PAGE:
With so many different types of computers, tablets, and phones to choose from, it can be hard to figure out which operating system (OS) will be best for your needs.
It’s especially difficult if you’re trying to decide between the various options designed specifically for gaming because they each have their benefits and drawbacks.
To make sure you choose the right one, this article will compare the three most popular operating systems made specifically for gaming purposes: Steam OS, Android OS, and Windows 10 Mobile.
While Windows has lost some popularity to other operating systems, it’s still popular among PC gamers.
This is because Windows 10 comes with a free game-streaming service and supports several native titles that are optimized for gaming.
That said, if you prefer using your keyboard and mouse over a controller (or vice versa), you might be out of luck.
Also, games built for Steam OS can only run in SteamOS or Windows; they won’t work on macOS or Linux.
You also may not have access to all the games you want since Apple doesn’t allow any apps or games in its app store that require an older version of macOS than what ships on a given computer.
The same goes for many closed Linux distros. However, Steam has hundreds of titles.
Most gamers probably won’t notice these differences, but there are some pros and cons to both Windows and macOS if gaming is one of your biggest priorities.
At first glance, Linux looks like a viable gaming option; it’s free and open source, so you can do pretty much whatever you want with it.
It also has some of today’s most popular games available through its Steam software store. However, performance-wise, Linux often pales in comparison to Windows.
Even on high-end machines, many gamers say they experience stuttering or lag while playing games through Linux and that’s if they can get a game to run at all.
The compatibility issues are certainly frustrating but there is hope on the horizon. Valve recently announced they were developing native versions of their Steam OS.
They expect those to be ready by next year. If you’re looking for something new, definitely keep an eye out for updates regarding Valve’s progress because their hardware may one day be worth considering as your go-to operating system (even if only temporarily).
In general though, unless you have a specific need or want to tinker around with an up-and-coming OS yourself, sticking with what works makes more sense here: just stick with Windows.
Apple’s macOS has a reputation as a gaming-friendly platform. Many PC gamers prefer to use macOS instead of Windows when playing titles on their laptops.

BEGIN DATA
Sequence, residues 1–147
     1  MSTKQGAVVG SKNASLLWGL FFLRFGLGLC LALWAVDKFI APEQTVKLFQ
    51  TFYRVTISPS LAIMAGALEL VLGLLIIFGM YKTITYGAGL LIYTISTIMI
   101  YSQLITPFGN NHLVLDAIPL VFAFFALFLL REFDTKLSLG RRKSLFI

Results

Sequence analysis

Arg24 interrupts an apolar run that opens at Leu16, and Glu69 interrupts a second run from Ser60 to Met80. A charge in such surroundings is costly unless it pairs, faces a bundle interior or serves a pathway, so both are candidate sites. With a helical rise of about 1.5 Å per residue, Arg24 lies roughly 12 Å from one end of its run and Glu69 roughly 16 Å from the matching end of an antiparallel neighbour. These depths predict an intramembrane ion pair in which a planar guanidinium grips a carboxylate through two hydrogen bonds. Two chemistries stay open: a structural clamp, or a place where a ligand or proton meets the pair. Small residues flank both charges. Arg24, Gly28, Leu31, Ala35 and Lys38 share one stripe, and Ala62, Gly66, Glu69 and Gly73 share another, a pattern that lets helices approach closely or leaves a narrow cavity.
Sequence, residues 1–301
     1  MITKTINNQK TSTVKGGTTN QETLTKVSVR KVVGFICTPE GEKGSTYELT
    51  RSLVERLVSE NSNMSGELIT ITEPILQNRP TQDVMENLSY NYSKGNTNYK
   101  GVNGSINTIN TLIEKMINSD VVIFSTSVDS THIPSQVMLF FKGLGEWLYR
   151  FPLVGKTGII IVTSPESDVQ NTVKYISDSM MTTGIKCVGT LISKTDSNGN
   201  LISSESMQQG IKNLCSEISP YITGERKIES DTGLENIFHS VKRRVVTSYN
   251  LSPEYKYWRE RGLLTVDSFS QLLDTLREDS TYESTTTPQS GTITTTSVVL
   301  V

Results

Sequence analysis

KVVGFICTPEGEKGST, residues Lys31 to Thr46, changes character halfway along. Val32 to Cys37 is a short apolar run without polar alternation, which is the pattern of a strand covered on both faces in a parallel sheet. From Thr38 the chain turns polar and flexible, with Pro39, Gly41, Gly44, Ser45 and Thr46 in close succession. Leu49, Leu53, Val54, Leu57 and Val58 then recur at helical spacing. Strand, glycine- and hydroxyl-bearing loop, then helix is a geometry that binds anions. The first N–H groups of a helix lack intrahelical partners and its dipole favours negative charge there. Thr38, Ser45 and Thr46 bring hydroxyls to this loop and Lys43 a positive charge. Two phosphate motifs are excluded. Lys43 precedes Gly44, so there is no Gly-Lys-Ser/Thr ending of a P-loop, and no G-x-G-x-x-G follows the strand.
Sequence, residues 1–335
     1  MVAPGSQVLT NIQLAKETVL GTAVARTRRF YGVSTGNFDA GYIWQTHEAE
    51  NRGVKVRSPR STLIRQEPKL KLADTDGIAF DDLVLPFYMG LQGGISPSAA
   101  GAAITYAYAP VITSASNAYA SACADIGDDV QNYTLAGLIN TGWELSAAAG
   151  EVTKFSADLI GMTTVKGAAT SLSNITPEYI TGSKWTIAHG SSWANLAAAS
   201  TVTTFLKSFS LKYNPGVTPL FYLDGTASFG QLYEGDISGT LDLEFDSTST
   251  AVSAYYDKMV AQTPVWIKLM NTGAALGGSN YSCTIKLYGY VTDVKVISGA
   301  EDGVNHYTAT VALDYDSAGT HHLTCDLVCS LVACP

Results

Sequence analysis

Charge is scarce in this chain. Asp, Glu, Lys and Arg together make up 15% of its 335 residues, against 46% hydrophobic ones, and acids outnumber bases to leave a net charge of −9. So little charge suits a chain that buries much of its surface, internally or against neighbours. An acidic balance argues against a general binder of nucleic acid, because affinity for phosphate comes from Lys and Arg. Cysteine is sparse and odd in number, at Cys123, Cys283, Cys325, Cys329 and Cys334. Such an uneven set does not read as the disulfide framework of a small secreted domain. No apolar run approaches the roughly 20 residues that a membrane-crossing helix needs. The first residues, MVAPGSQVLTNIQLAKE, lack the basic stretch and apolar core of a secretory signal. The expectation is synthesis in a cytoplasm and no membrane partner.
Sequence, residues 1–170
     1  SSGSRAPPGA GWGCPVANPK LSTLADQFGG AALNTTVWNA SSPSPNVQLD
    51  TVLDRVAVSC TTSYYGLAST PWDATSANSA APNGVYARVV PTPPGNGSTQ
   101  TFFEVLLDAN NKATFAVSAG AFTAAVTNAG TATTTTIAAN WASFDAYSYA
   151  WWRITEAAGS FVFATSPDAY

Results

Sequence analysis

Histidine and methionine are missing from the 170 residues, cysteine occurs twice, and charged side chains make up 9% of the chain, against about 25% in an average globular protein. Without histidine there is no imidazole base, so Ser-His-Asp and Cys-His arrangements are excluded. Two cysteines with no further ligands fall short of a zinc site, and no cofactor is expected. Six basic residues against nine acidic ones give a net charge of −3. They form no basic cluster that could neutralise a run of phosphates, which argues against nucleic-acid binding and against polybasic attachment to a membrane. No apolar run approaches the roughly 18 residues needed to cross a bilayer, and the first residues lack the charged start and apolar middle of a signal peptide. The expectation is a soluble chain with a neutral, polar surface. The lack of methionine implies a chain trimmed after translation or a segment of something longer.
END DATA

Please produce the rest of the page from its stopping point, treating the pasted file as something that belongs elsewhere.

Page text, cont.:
At first glance, it seems like Macs provide better graphics performance than PCs do. But what does that mean? And does it matter if you’re primarily a console gamer or not?
To answer these questions, let’s take a look at exactly how Macs perform and then talk about why their reputation as gaming machines is built more on marketing than reality. Let’s start with an easy one: benchmarks.
Many reviewers run game benchmarks on both platforms to see how they compare in terms of frame rates and other technical aspects.
On paper, there are two clear winners here: Macs tend to outperform PCs by huge margins when running certain benchmark tests.
However, keep in mind that benchmarking isn’t always a perfect real-world indicator of performance and even with apples-to-apples comparisons (such as GTA V),
We’ll sometimes find that different versions of hardware from different companies produce wildly different results!
So before making any conclusions based solely on comparisons between platforms and benchmarks, it’s important to talk about why your results might differ from those posted online by others.
If you’re looking to get into PC gaming but don’t have a lot of money, Android might be your best bet.
The operating system itself is free, and most devices are in or around $100, depending on what kind of specs you want. Granted, PC gamers might find themselves limited by Android’s operating system if they plan on playing more than one game at a time.
Fortunately, there are plenty of controllers and PC sticks out there that will work with your device. With a bit of research and ingenuity,
It’s easy to turn an old smartphone into a basic gaming machine! 7 Useful Apps to Get You Started in PC Gaming,
While we would normally never advocate a mobile game over its desktop counterpart, when you’re trying to learn how to play PC games from scratch, there are times when getting familiar with controls feels like priority number one.
1) SuperTuxKart: An open-source Mario Kart clone that lets newbies try out driving basics before taking their skills online
2) OpenEmu: A virtual console for Macs and PCs (and even iOS!) that lets players test their old Nintendo favorites
3) DOSBox: Before Windows became popular, there was DOS and it still lives online
4) Klick & Play: Want something simple?
The beauty of iOS is that it’s only available on one operating system: iOS. This means every game you download will be optimized specifically for your phone.
It also means that if you accidentally spill soda on your phone, or drop it in a puddle (because, hey, no one’s perfect), all your progress doesn’t go down with it.
You can pick up where you left off at any time by logging into Game Center and starting a new game or challenge.
You won’t be able to play online multiplayer games when away from wifi, but you can still participate in challenges and earn experience points with offline modes like Pokémon Go.
All told, Apple takes much better care of its devices than Android does and it shows. If you want convenience without compromise, go with an iPhone and enjoy fast loading times and exclusive features like iMessage/Game Center syncing.